School of economic thought largely centred in Britain that originated with Adam Smith and reached maturity in the works of David Ricardo and John Stuart Mill. The theories of the classical school were mainly concerned with the dynamics of economic growth. Reacting against mercantilism, classical economics emphasized economic freedom. It stressed ideas such as laissez-faire and free competition. Many of the fundamental principles of classical economics were set forth in Smith's Wealth of Nations (1776), in which he argued that a nation's wealth was greatest when its citizens pursued their own self-interest. Neoclassical economists such as Alfred Marshall showed that the forces of supply and demand would ration economic resources to their most effective uses. Smith's ideas were elaborated and refined by Ricardo, who formulated the principle that the price of goods produced and sold under competitive conditions tends to be proportionate to the labour costs incurred in producing them. Mill's Principles of Political Economy (1848) gave the ideas greater currency by relating them to contemporary social conditions. Among those who have modified classical economics to reach very different conclusions are Karl Marx and John Maynard Keynes.
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Adam Smith's The Wealth of Nations in 1776 is usually considered to mark the beginning of classical economics. The school was active into the mid 19th century and was followed by neoclassical economics in Britain beginning around 1870.
Classical economists attempted and partially succeeded to explain economic growth and development. They produced their "magnificent dynamics" during a period in which capitalism was emerging from a past feudal society and in which the industrial revolution was leading to vast changes in society. These changes also raised the question of how a society could be organized around a system in which every individual sought his or her own (monetary) gain.
Classical economists reoriented economics away from an analysis of the ruler's personal interests to a class-based interest. Physiocrat Francois Quesnay and Adam Smith, for example, identified the wealth of a nation with the yearly national income, instead of the king's treasury. Smith saw this income as produced by labor applied to land and capital equipment. Once land and capital equipment are appropriated by individuals, the national income is divided up between laborers, landlords, and capitalists in the form of wages, rent, and interest.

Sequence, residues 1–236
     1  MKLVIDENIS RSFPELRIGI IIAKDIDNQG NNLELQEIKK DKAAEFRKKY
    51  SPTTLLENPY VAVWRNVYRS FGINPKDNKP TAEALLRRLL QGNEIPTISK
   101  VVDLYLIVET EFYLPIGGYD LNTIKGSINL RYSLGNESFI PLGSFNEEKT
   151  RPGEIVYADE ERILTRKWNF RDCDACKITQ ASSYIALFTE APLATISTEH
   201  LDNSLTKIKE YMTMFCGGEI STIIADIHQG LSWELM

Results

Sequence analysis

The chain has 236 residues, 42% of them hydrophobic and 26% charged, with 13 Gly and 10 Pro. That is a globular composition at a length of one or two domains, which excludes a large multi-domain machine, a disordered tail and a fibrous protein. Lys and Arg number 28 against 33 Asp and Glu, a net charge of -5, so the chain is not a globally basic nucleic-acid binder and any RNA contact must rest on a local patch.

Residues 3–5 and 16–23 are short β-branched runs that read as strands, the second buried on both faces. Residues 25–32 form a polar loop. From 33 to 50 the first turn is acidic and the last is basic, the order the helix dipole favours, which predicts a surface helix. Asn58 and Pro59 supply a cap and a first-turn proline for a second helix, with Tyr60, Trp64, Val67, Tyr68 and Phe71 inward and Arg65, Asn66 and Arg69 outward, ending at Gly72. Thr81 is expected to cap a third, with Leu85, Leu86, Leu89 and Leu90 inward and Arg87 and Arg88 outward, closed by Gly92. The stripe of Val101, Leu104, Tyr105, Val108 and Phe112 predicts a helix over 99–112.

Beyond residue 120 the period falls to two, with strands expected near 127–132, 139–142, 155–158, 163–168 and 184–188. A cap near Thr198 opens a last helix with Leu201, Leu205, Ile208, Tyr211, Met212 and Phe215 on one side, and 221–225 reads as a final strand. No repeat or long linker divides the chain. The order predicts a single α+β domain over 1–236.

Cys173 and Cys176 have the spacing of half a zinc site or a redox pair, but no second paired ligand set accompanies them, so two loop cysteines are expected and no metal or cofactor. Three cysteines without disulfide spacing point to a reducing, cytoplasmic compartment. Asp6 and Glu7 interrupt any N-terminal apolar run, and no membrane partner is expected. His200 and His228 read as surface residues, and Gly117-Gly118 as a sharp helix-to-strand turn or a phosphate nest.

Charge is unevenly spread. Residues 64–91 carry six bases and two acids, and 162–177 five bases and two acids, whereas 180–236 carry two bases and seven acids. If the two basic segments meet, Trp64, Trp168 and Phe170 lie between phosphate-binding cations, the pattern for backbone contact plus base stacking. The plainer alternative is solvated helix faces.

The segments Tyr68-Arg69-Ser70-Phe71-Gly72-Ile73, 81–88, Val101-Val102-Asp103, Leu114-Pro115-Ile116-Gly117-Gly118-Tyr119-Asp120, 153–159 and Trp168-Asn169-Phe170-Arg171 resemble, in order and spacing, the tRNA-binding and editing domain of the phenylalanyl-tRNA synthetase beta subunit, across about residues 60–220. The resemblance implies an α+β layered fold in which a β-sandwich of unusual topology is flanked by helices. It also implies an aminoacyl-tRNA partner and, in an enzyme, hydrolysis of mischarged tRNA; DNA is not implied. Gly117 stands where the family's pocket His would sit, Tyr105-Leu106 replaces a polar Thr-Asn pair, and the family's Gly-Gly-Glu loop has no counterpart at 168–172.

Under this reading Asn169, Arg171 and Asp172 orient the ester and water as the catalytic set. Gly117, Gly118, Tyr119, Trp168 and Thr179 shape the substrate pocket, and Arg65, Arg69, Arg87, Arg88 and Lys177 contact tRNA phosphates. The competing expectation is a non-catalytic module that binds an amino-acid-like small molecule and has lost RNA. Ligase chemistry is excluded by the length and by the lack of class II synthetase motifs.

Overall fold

The theory of what determined natural prices varied within the Classical school. Petty tried to develop a par between land and labor and had what might be called a land-and-labor theory of value. Smith confined the labor theory of value to a mythical pre-capitalist past. He stated that natural prices were the sum of natural rates of wages, profits (including interest on capital and wages of superintendence) and rent. Ricardo also had what might be described as a cost of production theory of value. He criticized Smith for describing rent as price-determining, instead of price-determined, and saw the labor theory of value as a good approximation.
Some historians of economic thought, in particular, Sraffian economists (e.g., or ), see the classical theory of prices as determined from three givens:
From these givens, one can rigorously derive a theory of value. But neither Ricardo nor Marx, the most rigorous investigators of the theory of value during the Classical period, developed this theory fully. Those who reconstruct the theory of value in this manner see the determinants of natural prices as being explained by the Classical economists from within the theory of economics, albeit at a lower level of abstraction. For example, the theory of wages was closely connected to the theory of population. The Classical economists took the theory of the determinants of the level and growth of population as part of Political Economy. Since then, the theory of population has been seen as part of some other discipline than economics. In contrast to the Classical theory, the determinants of the neoclassical theory value:
are seen as exogenous to neoclassical economics.